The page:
Madagascar is a large island in the Indian Ocean that separated from the African mainland millions of years ago. Due to this separation from the African mainland, Madagascar is home to animals and birds that are found no place else on this earth.
One of the animals that Madagascar is most well-known for is the lemur. There are many different lemur species that live on the island. Some lemurs are as small as a mouse, and others are as large as some larger monkey and ape species. Lemurs have roughly the same appearance no matter their size, and they are members of the primate family.
This week, the International Union for the Conservation of Nature (IUCN) issued an alarming report about the state of the lemurs in Madagascar. According to the IUCN report, 95 percent of the lemur species are on the verge of becoming extinct. As of now, scientists have determined that there are 111 species of lemur. Of these 111 species, 105 species are threatened with extinction in the near future.
The IUCN has broken down the danger to lemurs into various categories of threat. The IUCN reports that 38 lemur species are what they refer to as critically endangered. Another 44 species are listed as simply endangered with 23 species are listed as threatened.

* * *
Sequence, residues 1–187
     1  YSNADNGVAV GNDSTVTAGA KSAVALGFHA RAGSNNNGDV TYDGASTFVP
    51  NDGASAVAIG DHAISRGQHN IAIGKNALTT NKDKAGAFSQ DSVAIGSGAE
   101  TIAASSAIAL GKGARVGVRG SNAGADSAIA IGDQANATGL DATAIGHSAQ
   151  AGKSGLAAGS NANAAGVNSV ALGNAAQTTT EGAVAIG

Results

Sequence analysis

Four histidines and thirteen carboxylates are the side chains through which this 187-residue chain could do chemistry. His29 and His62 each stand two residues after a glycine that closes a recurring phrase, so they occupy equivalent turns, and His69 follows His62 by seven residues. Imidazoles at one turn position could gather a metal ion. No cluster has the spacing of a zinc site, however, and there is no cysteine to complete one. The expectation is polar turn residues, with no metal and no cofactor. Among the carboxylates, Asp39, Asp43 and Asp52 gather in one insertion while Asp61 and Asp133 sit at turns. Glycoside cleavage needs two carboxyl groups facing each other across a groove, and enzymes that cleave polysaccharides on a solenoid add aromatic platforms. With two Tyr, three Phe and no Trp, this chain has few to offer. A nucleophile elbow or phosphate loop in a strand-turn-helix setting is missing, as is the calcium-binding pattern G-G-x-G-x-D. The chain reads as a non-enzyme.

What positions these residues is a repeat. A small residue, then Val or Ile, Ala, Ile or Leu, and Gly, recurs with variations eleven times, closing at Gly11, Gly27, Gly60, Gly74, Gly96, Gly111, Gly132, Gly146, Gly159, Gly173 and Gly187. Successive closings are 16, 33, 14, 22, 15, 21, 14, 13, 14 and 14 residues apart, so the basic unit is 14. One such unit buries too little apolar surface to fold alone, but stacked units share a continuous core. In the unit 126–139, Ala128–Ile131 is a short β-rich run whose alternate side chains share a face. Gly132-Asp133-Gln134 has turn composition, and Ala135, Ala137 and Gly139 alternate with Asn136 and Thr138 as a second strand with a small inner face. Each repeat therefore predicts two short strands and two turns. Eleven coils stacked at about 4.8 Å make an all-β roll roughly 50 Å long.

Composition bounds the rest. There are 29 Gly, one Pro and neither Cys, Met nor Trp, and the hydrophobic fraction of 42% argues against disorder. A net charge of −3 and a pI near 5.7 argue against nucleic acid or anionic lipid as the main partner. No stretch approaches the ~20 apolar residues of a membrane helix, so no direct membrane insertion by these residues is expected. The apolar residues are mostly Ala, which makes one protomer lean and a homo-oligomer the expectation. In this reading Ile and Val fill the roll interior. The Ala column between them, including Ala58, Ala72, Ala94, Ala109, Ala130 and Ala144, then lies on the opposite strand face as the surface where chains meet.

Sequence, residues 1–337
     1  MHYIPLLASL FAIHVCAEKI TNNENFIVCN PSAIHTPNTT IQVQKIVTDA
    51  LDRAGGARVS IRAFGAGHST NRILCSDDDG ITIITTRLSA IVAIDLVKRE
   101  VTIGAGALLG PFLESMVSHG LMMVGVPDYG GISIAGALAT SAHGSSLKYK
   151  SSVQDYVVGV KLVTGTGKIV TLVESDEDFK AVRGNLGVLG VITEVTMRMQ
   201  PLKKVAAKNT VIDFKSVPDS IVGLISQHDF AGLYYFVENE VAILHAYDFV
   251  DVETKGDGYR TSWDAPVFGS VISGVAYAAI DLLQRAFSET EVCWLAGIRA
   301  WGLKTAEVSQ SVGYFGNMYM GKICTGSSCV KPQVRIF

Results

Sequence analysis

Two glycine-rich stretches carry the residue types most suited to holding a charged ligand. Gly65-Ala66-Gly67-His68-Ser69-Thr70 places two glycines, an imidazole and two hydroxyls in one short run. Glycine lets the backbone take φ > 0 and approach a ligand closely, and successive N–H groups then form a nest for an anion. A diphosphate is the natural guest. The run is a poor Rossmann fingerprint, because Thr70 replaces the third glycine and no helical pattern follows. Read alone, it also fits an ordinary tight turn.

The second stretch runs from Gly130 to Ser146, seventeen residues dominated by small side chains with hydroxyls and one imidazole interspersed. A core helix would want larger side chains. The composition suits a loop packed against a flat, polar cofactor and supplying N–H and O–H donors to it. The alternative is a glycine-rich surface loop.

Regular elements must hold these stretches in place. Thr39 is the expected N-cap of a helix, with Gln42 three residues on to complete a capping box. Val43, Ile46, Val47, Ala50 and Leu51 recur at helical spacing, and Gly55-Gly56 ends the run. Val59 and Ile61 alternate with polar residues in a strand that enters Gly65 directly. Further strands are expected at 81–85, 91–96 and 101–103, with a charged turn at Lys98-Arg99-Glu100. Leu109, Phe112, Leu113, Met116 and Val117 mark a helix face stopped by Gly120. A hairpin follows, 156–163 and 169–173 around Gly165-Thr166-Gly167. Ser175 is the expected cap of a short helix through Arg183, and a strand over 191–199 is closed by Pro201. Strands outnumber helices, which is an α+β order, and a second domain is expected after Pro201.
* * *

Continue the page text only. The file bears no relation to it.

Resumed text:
Of those lemurs that are on the critically endangered list, there are three lemurs that are in the worst shape. The indri lemur is one of the three. This is the largest lemur that is in existence. The smallest lemur called the Madame Berthe’s mouse lemur is also one of the three. The blue-eyed black lemur is also on the list. This lemur is noted for its blue eyes. It is one of only a handful of the members of the primate family besides humans that has blue eyes.
Scientists have identified several reasons for the endangered status of lemurs in Madagascar. The major problem is habitat destruction. Large areas of the island have been deforested in order to produce more agricultural crops. Mining is also big business in Madagascar leading to the loss of habitat and the poisoning of streams and waterways.
The IUCN has developed a Lemur Action Plan. The group hopes to educate citizens about the plight of lemurs. The hope is to get the government to preserve more space for wildlife in the dwindling forests of Madagascar.